Special Features to Note: In the documentary feature The Pure and the Damned, the Safdie Brothers reveal that the main reason they made the film was because Pattinson approached them. The actor had seen the filmmakers’ previous gritty flick Heaven Knows What, and told them he wanted them to craft a part for him that he could disappear into. What followed was Good Time, which the Safdie’s fully confess is a “piece of pulp” and a film “almost without moral.” The brothers also discuss how they strove for authenticity, going so far as to use a real bail bondsman in the part of a bail bondsman. Originally, they had cast an actor in the role, yet at the last minute decided to use the real bail bondsman whose office they were using for the scene. It works surprisingly well.

Special Features Include:

  • “The Pure and the Damned: Good Time” Featurette
  • Audio Commentary with directors Josh and Benny Safdie, producer Sebastian Bear-McClard, and actors Taliah Lennice Webster and Buddy Duress
  • Music Video

Into the Night

This weird, mostly forgotten dark comedy from American Werewolf in London director John Landis features Jeff Goldblum as an insomniac who gets mixed-up with a smuggler, played by Michelle Pfeiffer. The pair are pursued through one long, crazy night by murderers and a hitman (David Bowie, in a scene-stealing extended cameo). Into the Night is a mishmash of tones, with occasional bursts of graphic, unsettling violence, but Landis has always been good at balancing that sort of thing (as American Werewolf proves). This may not be the best film Landis made in his eclectic career, but it’s certainly one of the more interesting. Much of the film’s charm comes from the pairing of Goldblum and Pfeiffer, who work really well together, to the point where you wish they had made a string of films. The Shout! Factory off-shot Shout Select brings Into the Night to Blu-ray with new interviews with Goldblum and Landis.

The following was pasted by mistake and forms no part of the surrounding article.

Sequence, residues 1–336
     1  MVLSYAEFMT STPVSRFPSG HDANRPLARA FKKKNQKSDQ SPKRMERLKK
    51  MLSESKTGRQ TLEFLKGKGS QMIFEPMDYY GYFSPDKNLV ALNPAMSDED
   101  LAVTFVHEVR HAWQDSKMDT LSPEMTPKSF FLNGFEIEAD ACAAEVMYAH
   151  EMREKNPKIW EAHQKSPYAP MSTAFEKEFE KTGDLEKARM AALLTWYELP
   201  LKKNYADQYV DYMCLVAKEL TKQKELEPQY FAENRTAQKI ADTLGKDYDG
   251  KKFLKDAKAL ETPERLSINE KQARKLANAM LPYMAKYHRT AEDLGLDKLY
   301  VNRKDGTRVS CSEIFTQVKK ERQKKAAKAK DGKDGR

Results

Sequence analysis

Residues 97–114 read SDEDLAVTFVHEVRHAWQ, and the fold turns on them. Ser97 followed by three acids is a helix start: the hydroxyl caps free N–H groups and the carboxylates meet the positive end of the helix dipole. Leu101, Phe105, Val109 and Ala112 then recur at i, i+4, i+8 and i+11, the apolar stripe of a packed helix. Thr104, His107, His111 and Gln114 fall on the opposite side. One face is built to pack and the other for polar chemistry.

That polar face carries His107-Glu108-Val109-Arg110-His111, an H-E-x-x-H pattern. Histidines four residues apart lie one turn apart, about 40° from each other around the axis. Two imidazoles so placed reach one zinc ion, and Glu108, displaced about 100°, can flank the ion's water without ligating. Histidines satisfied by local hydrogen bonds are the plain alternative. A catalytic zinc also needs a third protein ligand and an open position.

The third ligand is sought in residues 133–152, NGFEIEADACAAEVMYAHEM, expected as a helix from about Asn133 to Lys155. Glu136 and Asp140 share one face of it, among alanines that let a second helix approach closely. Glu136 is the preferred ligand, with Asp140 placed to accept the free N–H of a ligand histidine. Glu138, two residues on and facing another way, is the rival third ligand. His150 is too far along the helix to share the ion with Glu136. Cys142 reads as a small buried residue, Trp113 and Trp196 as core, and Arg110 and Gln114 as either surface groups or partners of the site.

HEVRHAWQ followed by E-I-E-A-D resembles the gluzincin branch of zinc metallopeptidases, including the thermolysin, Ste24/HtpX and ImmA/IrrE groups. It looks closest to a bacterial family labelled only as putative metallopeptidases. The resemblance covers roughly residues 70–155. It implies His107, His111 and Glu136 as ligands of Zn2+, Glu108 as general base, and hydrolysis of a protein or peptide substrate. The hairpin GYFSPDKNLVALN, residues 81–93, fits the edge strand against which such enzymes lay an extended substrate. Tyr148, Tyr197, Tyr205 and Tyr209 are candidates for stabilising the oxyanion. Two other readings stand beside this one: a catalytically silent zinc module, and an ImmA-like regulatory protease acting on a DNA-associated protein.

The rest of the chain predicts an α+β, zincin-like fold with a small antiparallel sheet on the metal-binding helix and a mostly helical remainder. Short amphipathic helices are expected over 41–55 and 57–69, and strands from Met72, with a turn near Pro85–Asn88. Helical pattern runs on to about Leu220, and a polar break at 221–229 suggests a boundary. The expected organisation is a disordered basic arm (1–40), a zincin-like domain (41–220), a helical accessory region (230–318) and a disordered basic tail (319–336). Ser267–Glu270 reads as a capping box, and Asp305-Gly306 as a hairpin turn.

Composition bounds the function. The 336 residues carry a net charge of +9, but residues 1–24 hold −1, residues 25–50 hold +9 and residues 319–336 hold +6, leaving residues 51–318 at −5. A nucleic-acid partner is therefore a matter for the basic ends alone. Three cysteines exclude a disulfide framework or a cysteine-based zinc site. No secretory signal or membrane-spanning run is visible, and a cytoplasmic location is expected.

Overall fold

Special Features to Note: If you ever had a suspicion that Jeff Goldblum might be a little…eccentric, the special feature Requiem for An Insomniac pretty much confirms this. In this new interview, Goldblum can’t sit still for one second, and seems utterly unhinged as he recounts his approach to the character and the making of the film. It’s a treat for sure, especially for Goldblum fans, but it’s also a little exhausting trying to follow the thread of Goldblum’s narrative. There’s also an interview with director John Landis, in which he recounts an amusing story about casting the film: he originally wanted Jack Nicholson for the lead. To convince Nicholson to play the part, Landis flew out to Nicholson’s secluded house in Aspen. This trip came right after Landis had seen The Shining, and when he got to Aspen he found himself driving through a blizzard to get to Nicholson’s home. The snowy conditions plaguing Landis as he tried to get to Nicholson made for some uncomfortable comparisons with The Shining. There’s no real point to this anecdote, per se, but it’s still fun to hear Landis tell it.

Special Features Include:

  • NEW Restored Master
  • NEW John Landis: “Back Into The Night”
  • NEW Jeff Goldblum: “Requiem For An Insomniac”
  • Award-Winning Documentary B.B. King Into The Night
  • Original Theatrical Trailer

Pages: Previous page 1 2

Cool Posts From Around the Web: